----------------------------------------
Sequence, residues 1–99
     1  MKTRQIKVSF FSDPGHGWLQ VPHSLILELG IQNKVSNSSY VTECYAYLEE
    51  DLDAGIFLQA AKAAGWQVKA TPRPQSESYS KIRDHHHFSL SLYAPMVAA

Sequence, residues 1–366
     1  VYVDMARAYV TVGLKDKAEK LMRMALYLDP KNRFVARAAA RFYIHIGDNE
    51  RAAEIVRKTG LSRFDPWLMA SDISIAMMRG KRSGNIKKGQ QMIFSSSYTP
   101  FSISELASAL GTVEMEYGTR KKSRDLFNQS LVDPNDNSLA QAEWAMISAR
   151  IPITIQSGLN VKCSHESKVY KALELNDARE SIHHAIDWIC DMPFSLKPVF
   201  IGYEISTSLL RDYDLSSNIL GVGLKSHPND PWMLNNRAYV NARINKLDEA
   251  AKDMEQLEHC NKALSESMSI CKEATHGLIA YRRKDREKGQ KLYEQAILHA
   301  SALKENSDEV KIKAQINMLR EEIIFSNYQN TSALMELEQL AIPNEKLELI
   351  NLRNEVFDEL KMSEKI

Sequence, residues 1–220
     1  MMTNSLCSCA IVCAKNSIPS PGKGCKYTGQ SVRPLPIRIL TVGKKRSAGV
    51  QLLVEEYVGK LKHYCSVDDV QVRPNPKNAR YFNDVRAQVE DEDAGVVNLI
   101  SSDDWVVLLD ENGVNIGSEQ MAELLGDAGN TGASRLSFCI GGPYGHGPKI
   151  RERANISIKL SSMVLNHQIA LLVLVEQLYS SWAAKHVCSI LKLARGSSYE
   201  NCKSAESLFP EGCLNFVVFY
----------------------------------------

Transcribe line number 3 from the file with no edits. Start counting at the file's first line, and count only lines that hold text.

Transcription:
    51  DLDAGIFLQA AKAAGWQVKA TPRPQSESYS KIRDHHHFSL SLYAPMVAA